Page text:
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Thank You a Thousand Times

WHAT do you do when you are South Africa’s new president and you want to throw a thank-you party for all the people who struggled alongside you during apartheid’s dark years? When Nelson Mandela faced this dilemma, he summoned one-time organiser of the Federation of South African Women and ANC stalwart, Amina Cachalia.

It was a tall order: round up veterans of the struggle scattered across the country and around the world.
“After meeting President Mandela some two months ago, a committee was set up with Walter Sisulu, his secretary Rica Hodgson, Joe Slovo, Mac Maharaj and my husband Yusuf,” said Cachalia.
Not only ANC supporters were invited. The guest list included stalwarts from the Liberal Party, stalwarts from the Pan Africanist Congress, the Inkatha Freedom Party, the Azanian People’s Organisation and even someone who has since joined the National Party.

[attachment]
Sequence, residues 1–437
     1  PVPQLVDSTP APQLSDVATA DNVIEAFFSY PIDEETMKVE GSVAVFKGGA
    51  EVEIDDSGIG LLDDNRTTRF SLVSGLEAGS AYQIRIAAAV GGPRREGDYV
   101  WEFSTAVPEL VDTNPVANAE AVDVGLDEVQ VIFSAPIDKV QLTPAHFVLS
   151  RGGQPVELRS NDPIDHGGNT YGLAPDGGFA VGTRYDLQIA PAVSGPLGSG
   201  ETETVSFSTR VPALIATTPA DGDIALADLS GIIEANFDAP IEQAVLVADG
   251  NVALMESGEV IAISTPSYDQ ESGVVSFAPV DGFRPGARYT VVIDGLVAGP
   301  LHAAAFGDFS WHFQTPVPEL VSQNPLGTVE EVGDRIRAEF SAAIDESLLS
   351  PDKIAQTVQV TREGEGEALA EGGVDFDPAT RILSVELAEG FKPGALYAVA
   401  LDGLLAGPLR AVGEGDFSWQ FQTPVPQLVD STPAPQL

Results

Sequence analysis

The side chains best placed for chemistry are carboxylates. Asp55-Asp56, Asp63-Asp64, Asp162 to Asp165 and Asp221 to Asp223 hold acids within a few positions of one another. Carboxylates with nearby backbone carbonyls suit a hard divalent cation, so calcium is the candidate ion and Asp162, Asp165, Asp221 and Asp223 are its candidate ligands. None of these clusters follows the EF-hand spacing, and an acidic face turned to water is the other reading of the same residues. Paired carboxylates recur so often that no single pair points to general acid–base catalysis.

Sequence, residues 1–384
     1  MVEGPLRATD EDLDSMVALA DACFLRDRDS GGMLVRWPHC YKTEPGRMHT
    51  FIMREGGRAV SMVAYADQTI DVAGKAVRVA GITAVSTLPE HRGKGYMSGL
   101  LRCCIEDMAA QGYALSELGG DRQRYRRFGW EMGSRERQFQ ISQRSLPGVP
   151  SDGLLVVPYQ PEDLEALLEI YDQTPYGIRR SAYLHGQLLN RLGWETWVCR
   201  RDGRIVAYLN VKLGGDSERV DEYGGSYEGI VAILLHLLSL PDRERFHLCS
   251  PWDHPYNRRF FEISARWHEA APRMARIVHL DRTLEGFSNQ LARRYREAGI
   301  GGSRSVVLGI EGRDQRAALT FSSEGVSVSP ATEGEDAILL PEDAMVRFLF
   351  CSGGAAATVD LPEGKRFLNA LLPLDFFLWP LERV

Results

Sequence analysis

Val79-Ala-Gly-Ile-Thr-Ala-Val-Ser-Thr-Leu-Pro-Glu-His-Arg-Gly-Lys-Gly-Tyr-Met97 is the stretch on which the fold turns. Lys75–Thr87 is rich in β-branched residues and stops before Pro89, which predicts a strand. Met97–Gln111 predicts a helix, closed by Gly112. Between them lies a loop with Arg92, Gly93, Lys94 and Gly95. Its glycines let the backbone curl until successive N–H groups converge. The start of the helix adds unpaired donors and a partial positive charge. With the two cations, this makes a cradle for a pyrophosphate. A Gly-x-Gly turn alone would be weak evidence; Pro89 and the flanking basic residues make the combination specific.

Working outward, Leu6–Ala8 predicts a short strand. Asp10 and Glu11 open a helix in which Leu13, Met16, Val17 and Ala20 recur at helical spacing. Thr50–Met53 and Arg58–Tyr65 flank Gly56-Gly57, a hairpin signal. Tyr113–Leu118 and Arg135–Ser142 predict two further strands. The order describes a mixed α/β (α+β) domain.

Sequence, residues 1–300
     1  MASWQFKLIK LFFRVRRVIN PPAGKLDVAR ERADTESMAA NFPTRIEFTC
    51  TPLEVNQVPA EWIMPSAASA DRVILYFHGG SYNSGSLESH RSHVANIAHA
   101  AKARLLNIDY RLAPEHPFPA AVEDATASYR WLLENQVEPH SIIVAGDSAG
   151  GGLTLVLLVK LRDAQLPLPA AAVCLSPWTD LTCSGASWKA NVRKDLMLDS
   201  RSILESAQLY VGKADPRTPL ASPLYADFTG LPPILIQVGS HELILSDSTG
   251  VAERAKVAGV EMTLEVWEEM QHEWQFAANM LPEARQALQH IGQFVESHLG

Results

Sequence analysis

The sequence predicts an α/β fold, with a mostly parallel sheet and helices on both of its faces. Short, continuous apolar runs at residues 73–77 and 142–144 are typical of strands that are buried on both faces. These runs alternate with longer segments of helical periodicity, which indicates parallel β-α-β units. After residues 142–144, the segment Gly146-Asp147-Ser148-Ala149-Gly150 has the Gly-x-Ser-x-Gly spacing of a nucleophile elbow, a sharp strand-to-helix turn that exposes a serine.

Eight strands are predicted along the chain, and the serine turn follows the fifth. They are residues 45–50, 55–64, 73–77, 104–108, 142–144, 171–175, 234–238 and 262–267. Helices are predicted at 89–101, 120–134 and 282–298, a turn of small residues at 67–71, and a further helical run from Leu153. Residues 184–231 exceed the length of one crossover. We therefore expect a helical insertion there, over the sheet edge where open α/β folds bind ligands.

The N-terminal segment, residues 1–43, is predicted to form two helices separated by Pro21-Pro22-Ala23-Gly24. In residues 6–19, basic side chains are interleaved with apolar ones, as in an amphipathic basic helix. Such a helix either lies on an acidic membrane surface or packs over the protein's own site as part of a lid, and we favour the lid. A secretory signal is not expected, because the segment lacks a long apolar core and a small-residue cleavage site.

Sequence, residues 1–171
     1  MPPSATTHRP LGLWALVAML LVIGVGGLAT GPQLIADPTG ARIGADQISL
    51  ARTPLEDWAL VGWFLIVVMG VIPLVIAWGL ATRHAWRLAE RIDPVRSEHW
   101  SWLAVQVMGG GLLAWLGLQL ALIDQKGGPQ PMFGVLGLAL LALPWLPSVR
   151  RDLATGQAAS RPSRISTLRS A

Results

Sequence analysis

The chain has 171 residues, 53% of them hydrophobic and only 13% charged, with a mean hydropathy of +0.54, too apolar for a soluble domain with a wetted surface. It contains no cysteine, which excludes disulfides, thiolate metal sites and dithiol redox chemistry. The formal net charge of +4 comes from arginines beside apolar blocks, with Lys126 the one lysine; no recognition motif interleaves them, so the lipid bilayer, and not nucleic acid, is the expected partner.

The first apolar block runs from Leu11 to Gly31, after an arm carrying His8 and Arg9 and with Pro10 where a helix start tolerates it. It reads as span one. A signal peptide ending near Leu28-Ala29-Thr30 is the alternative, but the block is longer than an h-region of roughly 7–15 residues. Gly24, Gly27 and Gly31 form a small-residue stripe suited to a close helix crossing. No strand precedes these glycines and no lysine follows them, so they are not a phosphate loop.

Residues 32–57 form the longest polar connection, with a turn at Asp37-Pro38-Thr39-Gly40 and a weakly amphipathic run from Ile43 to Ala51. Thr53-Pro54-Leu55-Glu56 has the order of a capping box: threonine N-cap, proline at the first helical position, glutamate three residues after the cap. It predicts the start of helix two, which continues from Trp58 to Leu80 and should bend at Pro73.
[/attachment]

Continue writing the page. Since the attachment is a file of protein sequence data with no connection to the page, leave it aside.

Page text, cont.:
“We asked organisations to give us a list of names and addresses of all their veterans,” Cachalia said. “We even sent scouts in search of people out in the rural areas.” In her hunt for old comrades, Cachalia also dug into her own archive of contacts.
More than 1 000 people turned up for the Veterans’ Banquet at Mandela’s Pretoria residence last weekend.
There were poignant moments as old friends met again across the divide of years. “It was great. People saw each other for the first time in years. In fact, some comrades you thought were dead arrived for the banquet.”
While about 25 people travelled from London, Israel and New York for the celebration, veterans in other parts of the world where the ANC still has offices also celebrated.
Revellers in London saw Mandela make his speech at the banquet via a satellite link-up.

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